The Orphanage (El Orfanato, 2007) uses virtually no special effects and instead relies on old tried and true devices to provoke suspense. The film is about a couple who move into an abandoned orphanage with their adopted seven-year old son. The house is large and looming, and it sits on the edge of a cliff overlooking the ocean. An abandoned lighthouse sits nearby. A mysterious entrance leads into a dark cave. The boy plays with friends only he can see. And, oh, yes, his adoptive mother grew up in the orphanage. When she lets her son play for a few minutes in the cave, he doesn't come back out. She goes into find him and sees him talking to someone whom she cannot see—someone whom he invites to come live with them in the house. The film develops from there. Antonio Bayona directed this film, which was produced by Guillermo del Toro, writer and director of Pan's Labyrinth (2006).
The Orphanage reminded me of films like The Others (2001), The Changeling (1980), the The Haunting (1963, based on Shirley Jackson's 1959 novel The Haunting of Hill House), and Henry James' novel The Turn of the Screw, works of psychological interest that may be about supernatural happenings or may be about what characters imagine. The primary character in The Orphanage is the mother, who becomes obsessed with finding her son after he mysteriously disappears. Although what happens in this film is fairly predictable, the film artfully satisfies the various elements of the formula it follows. Even so, interesting embellishments and touches bring something new to the experience: the J. M. Barrie play Peter Pan has a role, and an ominous old woman with a shovel and a baby carriage makes several appearances. Geraldine Chaplain briefly portrays a medium employed to uncover secrets about the house and the boy's disappearance.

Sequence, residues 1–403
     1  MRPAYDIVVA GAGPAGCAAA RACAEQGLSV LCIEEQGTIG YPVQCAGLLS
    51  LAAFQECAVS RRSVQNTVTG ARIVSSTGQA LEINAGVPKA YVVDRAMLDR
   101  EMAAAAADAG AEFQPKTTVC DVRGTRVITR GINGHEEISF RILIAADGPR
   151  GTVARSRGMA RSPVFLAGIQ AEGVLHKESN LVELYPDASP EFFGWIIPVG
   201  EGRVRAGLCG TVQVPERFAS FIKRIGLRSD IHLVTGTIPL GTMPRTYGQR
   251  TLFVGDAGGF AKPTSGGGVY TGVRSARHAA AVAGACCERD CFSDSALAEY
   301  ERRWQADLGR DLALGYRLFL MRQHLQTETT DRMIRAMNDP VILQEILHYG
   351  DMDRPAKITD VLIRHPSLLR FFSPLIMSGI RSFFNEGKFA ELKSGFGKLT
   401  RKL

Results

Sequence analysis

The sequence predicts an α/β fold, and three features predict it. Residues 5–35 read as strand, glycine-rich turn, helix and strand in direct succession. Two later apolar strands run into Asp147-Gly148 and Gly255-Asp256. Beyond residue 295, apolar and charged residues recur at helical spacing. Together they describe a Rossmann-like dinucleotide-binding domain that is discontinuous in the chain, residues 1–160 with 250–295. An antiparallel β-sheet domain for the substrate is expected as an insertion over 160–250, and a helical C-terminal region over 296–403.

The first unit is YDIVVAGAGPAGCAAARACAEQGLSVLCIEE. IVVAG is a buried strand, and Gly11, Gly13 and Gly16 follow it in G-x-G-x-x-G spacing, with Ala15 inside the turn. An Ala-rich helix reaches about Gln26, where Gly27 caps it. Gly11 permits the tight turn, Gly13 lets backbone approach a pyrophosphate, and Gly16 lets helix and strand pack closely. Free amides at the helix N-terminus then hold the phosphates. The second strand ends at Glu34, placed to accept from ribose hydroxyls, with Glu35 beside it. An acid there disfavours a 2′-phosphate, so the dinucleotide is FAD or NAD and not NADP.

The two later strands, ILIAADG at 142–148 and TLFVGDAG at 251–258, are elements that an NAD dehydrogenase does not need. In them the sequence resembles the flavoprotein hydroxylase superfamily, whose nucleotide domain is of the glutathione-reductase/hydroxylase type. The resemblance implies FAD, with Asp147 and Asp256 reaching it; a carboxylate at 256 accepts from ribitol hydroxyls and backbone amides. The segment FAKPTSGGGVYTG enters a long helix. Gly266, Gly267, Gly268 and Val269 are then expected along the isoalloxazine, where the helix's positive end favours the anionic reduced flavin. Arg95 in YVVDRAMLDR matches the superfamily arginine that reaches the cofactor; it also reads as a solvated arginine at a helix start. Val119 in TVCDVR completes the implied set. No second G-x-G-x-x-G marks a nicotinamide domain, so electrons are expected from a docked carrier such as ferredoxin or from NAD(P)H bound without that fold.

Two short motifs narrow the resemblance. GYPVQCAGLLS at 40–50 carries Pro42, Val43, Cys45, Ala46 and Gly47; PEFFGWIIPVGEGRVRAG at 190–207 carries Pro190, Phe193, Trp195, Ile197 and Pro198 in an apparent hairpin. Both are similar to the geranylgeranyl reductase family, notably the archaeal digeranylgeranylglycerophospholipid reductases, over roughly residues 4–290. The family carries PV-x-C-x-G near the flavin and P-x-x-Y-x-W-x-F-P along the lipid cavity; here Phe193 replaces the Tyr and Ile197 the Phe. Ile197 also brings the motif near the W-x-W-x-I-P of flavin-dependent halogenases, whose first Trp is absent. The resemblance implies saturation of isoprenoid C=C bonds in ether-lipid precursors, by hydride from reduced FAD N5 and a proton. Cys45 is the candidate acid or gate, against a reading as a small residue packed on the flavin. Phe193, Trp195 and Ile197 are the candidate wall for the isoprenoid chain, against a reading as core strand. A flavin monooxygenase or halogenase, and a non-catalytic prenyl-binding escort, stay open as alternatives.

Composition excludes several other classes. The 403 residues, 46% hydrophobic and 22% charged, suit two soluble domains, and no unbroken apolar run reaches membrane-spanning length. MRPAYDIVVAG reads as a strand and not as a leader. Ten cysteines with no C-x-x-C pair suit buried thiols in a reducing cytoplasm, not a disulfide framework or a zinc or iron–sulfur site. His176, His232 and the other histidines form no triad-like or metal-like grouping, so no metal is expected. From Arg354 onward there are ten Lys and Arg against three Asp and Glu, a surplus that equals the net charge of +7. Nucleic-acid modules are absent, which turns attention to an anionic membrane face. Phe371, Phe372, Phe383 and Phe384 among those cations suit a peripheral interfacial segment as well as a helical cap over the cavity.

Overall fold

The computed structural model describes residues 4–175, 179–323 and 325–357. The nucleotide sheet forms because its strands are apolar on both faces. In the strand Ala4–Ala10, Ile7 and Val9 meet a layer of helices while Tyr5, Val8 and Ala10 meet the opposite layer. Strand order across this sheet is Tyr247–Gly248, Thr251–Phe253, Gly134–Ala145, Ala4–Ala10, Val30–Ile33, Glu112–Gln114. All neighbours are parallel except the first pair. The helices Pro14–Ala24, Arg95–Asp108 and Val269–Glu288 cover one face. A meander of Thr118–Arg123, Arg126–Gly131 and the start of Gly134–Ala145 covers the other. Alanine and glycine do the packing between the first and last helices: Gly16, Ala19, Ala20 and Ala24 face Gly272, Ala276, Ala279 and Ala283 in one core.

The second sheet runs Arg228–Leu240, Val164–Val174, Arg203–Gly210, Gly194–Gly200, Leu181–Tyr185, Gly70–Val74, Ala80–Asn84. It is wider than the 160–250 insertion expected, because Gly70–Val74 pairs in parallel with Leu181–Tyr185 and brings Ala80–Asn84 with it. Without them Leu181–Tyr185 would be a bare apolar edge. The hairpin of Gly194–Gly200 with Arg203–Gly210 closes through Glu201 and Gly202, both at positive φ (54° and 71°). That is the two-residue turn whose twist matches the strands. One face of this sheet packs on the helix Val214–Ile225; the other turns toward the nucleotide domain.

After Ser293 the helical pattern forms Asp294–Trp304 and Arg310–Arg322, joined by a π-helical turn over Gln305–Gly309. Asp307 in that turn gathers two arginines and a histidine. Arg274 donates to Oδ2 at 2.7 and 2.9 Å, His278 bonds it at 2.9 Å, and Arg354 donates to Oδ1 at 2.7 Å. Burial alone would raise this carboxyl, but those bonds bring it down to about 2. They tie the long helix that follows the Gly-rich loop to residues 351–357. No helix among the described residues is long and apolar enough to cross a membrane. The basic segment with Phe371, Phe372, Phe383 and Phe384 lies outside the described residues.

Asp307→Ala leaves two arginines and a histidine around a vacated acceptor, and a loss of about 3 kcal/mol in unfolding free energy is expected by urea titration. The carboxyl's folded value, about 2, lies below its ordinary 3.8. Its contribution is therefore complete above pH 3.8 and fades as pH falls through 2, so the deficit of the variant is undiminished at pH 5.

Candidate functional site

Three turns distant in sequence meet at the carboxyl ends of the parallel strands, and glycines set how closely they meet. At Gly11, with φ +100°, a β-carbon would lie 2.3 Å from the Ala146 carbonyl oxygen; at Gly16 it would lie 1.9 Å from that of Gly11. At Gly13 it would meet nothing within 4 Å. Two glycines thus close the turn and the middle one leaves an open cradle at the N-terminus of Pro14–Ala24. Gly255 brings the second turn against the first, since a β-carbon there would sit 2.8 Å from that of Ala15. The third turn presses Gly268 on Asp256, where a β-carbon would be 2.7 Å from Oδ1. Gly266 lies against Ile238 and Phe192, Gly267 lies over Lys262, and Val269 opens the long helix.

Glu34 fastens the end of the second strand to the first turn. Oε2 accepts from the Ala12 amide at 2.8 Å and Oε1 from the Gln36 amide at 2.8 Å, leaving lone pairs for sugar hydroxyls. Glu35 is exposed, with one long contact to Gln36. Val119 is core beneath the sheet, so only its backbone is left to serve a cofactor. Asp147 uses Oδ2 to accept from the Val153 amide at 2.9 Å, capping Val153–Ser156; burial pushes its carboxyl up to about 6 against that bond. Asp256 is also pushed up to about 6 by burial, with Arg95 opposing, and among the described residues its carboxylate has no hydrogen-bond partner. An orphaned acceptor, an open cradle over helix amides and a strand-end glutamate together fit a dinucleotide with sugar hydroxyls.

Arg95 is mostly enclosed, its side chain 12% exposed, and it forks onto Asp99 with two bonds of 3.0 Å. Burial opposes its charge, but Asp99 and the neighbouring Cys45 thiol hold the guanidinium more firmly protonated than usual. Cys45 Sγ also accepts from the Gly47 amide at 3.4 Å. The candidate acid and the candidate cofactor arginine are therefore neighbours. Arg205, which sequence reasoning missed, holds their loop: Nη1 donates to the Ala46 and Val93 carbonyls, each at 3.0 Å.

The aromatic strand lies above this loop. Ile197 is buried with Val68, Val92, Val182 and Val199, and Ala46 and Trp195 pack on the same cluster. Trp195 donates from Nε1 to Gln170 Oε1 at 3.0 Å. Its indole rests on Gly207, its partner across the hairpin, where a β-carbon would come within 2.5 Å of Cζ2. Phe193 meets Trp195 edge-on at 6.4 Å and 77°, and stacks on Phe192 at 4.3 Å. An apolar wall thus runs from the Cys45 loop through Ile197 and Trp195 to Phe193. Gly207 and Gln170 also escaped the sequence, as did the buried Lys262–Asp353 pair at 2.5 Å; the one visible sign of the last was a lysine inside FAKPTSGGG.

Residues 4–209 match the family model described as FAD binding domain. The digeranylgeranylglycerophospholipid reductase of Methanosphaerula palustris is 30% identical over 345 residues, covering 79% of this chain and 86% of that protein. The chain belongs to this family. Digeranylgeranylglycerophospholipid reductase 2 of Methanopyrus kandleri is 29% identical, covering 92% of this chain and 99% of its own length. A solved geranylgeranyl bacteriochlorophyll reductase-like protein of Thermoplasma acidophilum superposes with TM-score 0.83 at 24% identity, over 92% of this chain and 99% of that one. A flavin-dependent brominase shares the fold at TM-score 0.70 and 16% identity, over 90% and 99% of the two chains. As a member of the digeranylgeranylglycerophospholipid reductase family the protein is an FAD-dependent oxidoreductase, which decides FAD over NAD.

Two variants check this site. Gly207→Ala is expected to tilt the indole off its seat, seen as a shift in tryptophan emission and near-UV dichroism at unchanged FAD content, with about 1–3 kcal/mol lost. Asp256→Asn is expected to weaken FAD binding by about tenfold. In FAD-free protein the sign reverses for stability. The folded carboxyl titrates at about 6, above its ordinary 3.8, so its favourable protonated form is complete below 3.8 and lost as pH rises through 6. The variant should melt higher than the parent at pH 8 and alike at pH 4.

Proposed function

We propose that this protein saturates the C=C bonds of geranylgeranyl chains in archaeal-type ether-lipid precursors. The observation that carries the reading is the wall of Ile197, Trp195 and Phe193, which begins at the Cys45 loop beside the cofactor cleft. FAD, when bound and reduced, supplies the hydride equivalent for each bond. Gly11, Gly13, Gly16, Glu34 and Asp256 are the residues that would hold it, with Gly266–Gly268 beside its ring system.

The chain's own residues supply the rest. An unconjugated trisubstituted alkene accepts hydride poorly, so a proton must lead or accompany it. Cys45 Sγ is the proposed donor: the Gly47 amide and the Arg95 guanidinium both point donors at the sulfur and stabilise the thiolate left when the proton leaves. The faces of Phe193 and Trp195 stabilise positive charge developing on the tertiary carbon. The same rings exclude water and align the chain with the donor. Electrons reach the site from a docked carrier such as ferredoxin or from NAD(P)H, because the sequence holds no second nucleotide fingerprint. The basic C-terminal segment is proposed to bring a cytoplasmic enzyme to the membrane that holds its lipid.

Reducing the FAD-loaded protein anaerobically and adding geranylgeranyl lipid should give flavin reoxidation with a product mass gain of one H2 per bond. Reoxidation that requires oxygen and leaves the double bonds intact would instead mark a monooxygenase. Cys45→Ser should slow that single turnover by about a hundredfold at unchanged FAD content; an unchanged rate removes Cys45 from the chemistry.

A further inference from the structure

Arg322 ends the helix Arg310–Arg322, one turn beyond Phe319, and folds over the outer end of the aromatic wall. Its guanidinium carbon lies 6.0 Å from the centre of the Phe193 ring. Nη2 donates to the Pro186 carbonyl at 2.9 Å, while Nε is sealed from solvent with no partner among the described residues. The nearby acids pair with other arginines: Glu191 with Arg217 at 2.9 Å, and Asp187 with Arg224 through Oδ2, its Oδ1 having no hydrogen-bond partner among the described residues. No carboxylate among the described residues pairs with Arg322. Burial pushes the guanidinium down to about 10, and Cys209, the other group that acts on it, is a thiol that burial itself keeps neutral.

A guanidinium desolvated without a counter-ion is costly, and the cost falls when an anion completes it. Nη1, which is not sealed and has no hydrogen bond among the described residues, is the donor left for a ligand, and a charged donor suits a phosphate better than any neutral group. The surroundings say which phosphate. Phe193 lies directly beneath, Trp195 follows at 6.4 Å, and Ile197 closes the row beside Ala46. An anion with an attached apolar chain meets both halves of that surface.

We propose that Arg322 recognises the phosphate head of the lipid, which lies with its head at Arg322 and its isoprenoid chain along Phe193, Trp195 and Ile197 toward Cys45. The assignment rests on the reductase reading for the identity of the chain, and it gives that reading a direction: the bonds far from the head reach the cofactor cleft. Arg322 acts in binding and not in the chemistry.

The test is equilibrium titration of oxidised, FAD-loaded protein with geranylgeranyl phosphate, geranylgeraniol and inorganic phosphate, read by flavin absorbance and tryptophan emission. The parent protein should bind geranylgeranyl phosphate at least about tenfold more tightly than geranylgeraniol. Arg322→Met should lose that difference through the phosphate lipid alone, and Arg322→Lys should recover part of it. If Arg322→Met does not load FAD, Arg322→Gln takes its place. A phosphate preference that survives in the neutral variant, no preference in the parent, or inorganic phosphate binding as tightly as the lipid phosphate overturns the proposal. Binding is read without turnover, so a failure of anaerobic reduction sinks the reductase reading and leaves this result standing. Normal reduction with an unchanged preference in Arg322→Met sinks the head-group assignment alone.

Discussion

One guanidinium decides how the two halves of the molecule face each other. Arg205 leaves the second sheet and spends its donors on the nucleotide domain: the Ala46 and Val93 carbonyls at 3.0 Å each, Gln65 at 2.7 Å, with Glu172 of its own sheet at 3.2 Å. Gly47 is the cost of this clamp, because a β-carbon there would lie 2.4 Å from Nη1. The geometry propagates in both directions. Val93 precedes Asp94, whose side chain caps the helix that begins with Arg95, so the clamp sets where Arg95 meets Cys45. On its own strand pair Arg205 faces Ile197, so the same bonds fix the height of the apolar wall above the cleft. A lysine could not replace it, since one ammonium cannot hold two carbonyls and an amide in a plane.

A number of shots down a long, empty hallway reminded me of Kubrick's The Shining (1980). Kubrick seems an influence here, especially as we pause outside a door to a room pungent with menace, or as we see shadowy figures at the end of a hall.
There are a number of serious holes in this film, and if you hold it up to too closely to the standards of logic and reality the light will begin to shine through. The mother in particular behaves in an increasingly erratic way, months after her son's disappearance. Something she does at the end of the film seems less an act of character than an act intended to honor the formula. She is excessively protective of her son, and therefore it doesn't quite make sense when she allows him to explore an abandoned cave. From the very beginning she never hesitates to investigate strange noises or to enter dark, ominous rooms and tool sheds. Yet isn't that foolhardiness the requirement of these films?—if we don't enter those rooms, the great horror remains hidden. The important point here is that The Orphanage succeeds in being the kind of film it is. Not only did the hair on my scalp and arms continually stand up in fear, but I actually got a headache from the suspense.